Published in the WOW! supplement of the Evening Echo 21/03/2007
It’s not often that I find myself agreeing with the stance of religious organisations, but it does happen occasionally.
It happened today, when I heard about a hair-brained scheme to introduce books promoting gay relationships to primary school children in England. I have to say that on that score I’m firmly in the same camp as the Christian and Muslim leaders who are opposed to it. Perhaps not for the same reasons, but opposed to it nonetheless.
One of the books is a fairytale, imaginatively entitled â€œKing & Kingâ€. It tells the tale of a young prince whose mother, the queen, is anxious for her son to marry. She introduces him to a series of beautiful princesses, but he doesn’t fall in love with any of them. Instead, the brother of one of the princesses catches his eye. The two princes fall madly in love, marry and become two kings who rule side by side and live happily ever after.
Sweet story â€“ but not necessarily what I want my children to be reading in primary school. Not, I hasten to add, out of any sort homophobic prejudice. I’m all for promoting acceptance and letting consenting adults get on with whatever takes their fancy… within reason. I just don’t think it’s an issue that needs to be rammed down the throats of young children.
Sexuality and relationships are inherently complex issues, and while there’s certainly nothing wrong with varying sexual orientation, I don’t feel that children of primary school age are equipped to handle those sorts of issues. Princes marrying princes, princesses with two mummies and King’s who deep down feel they might really be queens: it all just muddies the waters at a time when what children are really looking for is clarity.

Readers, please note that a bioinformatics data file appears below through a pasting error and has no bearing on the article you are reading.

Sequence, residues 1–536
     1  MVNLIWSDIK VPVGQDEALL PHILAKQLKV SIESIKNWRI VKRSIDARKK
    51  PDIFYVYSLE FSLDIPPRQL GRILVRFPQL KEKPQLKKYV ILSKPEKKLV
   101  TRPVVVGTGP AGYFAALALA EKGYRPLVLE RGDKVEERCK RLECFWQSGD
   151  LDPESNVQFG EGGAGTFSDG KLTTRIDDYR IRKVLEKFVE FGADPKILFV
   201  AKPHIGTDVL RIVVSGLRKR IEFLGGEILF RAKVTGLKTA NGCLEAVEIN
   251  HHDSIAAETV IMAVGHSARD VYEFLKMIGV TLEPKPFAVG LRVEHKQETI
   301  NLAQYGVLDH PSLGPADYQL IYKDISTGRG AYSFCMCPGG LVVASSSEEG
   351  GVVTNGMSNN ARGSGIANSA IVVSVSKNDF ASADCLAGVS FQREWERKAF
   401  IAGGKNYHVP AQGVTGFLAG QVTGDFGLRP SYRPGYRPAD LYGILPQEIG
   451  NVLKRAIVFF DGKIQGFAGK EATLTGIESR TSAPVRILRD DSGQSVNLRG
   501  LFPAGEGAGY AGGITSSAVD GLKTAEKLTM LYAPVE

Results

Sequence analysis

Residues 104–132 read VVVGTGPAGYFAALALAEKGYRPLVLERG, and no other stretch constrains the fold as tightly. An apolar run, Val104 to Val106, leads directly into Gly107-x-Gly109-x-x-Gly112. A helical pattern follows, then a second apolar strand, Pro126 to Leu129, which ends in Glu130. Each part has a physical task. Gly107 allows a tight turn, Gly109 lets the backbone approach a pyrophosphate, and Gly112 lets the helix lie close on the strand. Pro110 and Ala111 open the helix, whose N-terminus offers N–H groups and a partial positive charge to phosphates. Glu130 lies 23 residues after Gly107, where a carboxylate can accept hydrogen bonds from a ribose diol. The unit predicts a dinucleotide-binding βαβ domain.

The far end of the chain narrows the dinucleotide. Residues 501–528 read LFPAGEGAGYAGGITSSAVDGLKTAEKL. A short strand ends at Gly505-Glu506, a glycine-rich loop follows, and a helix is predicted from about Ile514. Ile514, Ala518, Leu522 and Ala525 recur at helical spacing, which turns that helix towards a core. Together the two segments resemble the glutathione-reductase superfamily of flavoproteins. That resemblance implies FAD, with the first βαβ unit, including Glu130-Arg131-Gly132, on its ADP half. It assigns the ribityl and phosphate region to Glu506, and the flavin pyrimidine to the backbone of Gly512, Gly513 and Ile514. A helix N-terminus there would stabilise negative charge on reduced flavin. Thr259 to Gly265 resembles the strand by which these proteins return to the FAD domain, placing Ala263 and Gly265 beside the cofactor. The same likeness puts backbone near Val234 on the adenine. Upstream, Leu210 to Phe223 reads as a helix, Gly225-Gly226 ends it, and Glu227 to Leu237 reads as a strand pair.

In primary school children are laying the foundations on which future learning will be based. They’re acquiring the information that provides a point of reference: a yardstick against which they can measure and make sense of the world around them. For that they need clarity.
Advocates of this scheme say that the books are necessary in order to make homosexuality seem normal to children. My question is why on earth would we want to do that? When it comes to human relationships and sexuality, then surely the baseline for our children should be the heterosexual model upon which the survival of our species depends. Or am I missing something?
Going back to our original fairytale, the two princes may well have married and lived happily ever after, but with no heir to continue the royal bloodline the monarchy itself was doomed. Not, perhaps, the ideal model to promote as the norm to our young children.
At the moment this controversial pilot scheme involves just fourteen schools and one local authority in England. However it is backed by teaching unions, and could potentially be rolled out to more schools over time. For once Christian and Muslim leaders in Britain are in complete agreement, with both groups condemning the scheme as contrary to their religious teachings.
Here in Ireland, while I do have issues with some reading material the girls bring home from school, I don’t think this particular concern will rear it’s head any time soon. While the church’s influence here may well be on the wane, somehow I doubt that â€œKing & Kingâ€ or its like will appear on the Irish curriculum any time soon.